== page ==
As it looked then.
It was 25 years ago this month that I was in East Berlin, tidying the vicinity of this very decapitated statue in preparation for the celebration of East Germany's 40th birthday, at which Mikhail Gorbachev famously wagged his finger at Erich Honecker.
Berlin's giant Lenin statue may have been lost, say city authorities; Monument torn down in 1991 was buried and cannot be dug up for exhibition, according to officials, by Philip Oltermann (Guardian)
It was the star of Good Bye Lenin, Wolfgang Becker's tragicomedy set around the fall of the Berlin Wall: a statue of Vladimir Ilyich Lenin, suspended from a helicopter, seemingly waving goodbye to the crumbling socialist republic.
But more than two decades after it was torn down, Berlin authorities have admitted the giant monument may be lost in storage.
Curators of an exhibition about the German capital's monuments had proposed including the Russian revolutionary's 1.7-metre (5.6ft) head in their show, scheduled for spring 2015. Between 1970 and 1991, the statue had stood on Lenin Square in Berlin's Friedrichshain district. After its removal, it was cut into 129 pieces and buried in a pit in Köpenick.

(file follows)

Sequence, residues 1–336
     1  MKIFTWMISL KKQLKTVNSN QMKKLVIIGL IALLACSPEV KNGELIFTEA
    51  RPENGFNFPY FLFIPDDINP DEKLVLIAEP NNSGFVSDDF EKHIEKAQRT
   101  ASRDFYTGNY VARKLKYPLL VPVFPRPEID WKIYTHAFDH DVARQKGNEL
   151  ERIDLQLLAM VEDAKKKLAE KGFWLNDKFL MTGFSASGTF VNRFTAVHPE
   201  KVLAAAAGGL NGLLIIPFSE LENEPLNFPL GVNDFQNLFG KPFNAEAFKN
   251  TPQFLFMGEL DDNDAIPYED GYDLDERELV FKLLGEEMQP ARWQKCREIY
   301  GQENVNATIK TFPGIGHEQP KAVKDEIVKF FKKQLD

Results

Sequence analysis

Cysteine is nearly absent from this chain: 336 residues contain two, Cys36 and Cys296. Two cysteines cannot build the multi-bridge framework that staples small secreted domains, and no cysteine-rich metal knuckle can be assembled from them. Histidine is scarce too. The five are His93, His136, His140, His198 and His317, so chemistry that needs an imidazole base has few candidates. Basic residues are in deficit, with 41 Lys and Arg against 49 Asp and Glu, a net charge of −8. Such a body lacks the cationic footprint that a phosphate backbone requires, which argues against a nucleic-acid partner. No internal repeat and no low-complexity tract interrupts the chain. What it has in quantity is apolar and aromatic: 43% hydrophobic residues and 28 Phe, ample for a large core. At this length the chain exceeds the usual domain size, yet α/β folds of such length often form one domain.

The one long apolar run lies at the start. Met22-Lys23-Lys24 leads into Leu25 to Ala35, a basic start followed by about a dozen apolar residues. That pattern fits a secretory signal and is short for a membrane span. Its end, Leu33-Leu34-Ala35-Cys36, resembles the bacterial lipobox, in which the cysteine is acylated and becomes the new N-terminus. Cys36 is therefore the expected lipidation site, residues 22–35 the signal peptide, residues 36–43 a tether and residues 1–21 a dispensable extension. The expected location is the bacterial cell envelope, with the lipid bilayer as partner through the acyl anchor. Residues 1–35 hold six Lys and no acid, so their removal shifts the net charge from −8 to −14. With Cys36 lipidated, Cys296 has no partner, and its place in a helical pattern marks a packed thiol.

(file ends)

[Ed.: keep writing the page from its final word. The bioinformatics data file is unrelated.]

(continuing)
My work duties at Leninplatz and the adjacent Friedrichshain public park as a temporary employee of the East Berlin Parks Department, culminating in a beer with Vladimir Putin in Dresden, were documented previously at NAC way back in 2008.
Pilsner, Putin and Me (Part One).
Pilsner, Putin and Me (Part Two).
Pilsner, Putin and Me (Part Three).
Pilsner, Putin and Me (Part Four).
These probably merit a comprehensive touch-up. Maybe some other time. I'll be back in Berlin soon for the first time in 15 years, and plan on visiting the empty space.
Ghosts affect me that way.